Soft Speed Limiter: This is another feature that I believe is unique to the i3 and is pretty innovative. Perhaps the biggest range thief with electric vehicles is excessive speed. The i3 employes a unique soft speed limiter to gently remind you that you are driving fast and perhaps you should consider slowing down to extend your range. There are three driving modes in the i3: Comfort (this is what the car defaults to) Eco Pro and Eco Pro +. There is no soft speed limit in Comfort mode, but while driving in Eco Pro and Eco Pro +, the soft speed limits are at 75mph and 55mph respectively. The reasoning behind this is if you are in comfort mode, you likely have plenty of range and aren't consciously concerned with extending it. However if you selected Eco Pro or Eco Pro +, you likely are concerned with how much range you have and are making an effort to maximize it. Since driving fast is very inefficient, the car coaches you a bit and "reminds" you that you may want to slow down. Here's how it works: When you reach the speed that the soft limit is set at (75 mph  for Eco Pro and 55 mph for Eco Pro +) the car will not exceed that speed, even if you continue to depress the accelerator. In order to go faster, you need to continue to depress the accelerator further and after a couple seconds it realized that you are aware that you're passing the soft limit but wish to do so anyway, and it will indeed accelerate. It actually takes off rather quickly with an abrupt burst of speed at that point, almost as if to say "Well you asked for it!" I really like this "coaching" feature. There have been plenty of times in my other EVs that I was driving on the highway and wanted to keep my speed down a bit to conserve energy but would find myself creeping up and driving faster than I wanted to without noticing it. With this feature, you really won't pass the soft limit without really intending to, you can't do it by accident.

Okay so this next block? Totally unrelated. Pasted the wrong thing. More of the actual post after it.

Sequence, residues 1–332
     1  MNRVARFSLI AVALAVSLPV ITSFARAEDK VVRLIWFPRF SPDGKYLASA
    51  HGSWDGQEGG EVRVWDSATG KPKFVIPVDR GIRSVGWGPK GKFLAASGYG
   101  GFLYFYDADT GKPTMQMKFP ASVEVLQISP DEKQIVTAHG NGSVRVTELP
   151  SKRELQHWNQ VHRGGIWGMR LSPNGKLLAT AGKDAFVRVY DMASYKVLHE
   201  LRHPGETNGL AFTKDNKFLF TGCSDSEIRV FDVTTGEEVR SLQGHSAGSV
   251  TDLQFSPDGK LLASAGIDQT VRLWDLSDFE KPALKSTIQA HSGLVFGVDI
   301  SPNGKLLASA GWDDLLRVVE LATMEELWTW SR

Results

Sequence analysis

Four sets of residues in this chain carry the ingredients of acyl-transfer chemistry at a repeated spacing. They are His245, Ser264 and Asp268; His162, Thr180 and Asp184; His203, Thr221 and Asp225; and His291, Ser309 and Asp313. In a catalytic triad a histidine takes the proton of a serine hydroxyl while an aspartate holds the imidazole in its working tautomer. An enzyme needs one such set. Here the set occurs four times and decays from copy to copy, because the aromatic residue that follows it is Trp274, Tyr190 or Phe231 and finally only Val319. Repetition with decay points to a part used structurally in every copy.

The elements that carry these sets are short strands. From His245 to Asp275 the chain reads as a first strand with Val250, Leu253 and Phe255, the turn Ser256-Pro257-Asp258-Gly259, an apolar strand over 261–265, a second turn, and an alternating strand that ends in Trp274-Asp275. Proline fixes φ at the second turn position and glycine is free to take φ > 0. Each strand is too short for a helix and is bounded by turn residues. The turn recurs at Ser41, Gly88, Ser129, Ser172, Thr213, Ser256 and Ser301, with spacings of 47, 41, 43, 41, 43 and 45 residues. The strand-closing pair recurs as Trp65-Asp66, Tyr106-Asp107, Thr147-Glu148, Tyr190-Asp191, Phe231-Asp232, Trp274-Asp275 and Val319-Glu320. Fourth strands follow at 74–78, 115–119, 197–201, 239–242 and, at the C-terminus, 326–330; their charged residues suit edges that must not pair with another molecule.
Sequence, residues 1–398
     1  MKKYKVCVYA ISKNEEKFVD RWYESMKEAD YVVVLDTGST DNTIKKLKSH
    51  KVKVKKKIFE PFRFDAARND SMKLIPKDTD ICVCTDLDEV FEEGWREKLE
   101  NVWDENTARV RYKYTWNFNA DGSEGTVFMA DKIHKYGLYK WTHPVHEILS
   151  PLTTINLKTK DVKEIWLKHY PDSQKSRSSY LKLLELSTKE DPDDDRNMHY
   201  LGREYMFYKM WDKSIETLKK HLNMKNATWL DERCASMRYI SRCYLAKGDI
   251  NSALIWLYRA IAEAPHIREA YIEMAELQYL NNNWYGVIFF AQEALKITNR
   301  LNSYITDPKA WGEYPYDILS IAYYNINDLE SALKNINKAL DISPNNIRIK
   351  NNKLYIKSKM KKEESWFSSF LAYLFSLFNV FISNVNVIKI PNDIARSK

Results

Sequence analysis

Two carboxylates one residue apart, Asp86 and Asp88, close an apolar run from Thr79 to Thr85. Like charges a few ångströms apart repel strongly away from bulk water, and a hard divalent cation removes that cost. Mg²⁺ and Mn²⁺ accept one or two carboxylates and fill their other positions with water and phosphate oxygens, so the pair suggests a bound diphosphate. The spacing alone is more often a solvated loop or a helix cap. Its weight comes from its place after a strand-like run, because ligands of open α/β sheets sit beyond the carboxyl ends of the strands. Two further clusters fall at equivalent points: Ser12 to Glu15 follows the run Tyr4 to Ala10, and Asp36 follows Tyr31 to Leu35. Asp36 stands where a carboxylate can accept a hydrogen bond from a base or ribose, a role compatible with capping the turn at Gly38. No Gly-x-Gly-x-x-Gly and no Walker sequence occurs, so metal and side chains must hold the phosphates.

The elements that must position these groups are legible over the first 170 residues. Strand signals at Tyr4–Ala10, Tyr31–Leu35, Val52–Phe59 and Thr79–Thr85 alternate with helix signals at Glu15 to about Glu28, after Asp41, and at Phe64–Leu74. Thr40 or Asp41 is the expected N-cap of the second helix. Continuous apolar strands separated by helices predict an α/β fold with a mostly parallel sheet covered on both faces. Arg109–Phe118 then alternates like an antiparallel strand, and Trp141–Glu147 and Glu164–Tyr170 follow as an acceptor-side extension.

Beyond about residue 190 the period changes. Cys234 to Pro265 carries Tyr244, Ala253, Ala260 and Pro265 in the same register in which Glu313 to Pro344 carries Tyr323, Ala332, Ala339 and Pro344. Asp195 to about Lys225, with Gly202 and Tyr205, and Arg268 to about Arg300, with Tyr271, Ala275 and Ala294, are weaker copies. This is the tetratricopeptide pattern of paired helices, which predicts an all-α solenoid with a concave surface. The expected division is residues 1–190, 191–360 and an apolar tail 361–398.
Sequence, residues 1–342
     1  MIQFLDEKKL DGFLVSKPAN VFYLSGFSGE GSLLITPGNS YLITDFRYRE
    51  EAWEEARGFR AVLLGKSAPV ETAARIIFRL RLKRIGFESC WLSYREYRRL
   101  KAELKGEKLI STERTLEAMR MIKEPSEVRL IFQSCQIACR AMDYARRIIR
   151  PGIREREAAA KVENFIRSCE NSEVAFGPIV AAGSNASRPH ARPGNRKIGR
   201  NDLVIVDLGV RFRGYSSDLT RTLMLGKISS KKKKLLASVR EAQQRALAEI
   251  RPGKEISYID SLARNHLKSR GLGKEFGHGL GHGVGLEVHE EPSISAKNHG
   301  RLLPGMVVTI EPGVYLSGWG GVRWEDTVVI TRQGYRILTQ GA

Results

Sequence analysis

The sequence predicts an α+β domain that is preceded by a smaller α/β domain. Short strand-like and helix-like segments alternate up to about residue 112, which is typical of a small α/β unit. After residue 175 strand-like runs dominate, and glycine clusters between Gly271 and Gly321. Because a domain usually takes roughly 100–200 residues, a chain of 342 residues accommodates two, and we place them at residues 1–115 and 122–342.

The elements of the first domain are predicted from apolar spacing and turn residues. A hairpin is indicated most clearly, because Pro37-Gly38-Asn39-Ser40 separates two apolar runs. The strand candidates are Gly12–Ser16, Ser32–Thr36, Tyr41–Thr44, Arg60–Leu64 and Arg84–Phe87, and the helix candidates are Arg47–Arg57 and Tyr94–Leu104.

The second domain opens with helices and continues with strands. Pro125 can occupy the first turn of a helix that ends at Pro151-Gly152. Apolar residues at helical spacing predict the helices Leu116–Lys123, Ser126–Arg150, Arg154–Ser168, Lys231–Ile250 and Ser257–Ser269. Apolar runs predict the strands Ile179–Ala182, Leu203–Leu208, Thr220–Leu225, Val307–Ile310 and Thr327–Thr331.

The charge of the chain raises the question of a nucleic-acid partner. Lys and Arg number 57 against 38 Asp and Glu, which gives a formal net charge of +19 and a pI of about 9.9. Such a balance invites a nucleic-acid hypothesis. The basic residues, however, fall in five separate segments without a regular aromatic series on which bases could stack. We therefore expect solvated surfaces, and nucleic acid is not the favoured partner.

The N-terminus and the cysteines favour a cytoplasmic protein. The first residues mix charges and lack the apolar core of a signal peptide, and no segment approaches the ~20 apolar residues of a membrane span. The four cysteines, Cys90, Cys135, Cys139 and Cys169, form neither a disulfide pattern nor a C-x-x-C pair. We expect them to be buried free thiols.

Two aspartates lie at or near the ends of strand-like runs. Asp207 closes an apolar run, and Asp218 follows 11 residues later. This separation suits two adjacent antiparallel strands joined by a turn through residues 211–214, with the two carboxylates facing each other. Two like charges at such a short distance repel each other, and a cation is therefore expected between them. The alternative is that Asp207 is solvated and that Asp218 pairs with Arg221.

When you activate Eco Pro +  mode, you get this display prompting you to keep your speed under 55 mph for maximum range. This lead some people to assume it meant the car wouldn't go faster than 55 mph in this mode, which is not correct.

Acceleration: I saved the best for last. The i3 is really a blast to drive. I have the REx i3 which is about a half a second slower than the BEV and have been timing myself from 0-60 in around 7.6 seconds. It's not Tesla fast, but it is a really a quick little car and is much faster and more fun to drive than my ActiveE was. The instant power in the 10 mph to 50 mph range is amazing and feels quicker than my Porsche Boxster did when accelerating at those speeds. This is indeed a fun car to drive, and drives so much better than anyone would expect just from looking at it.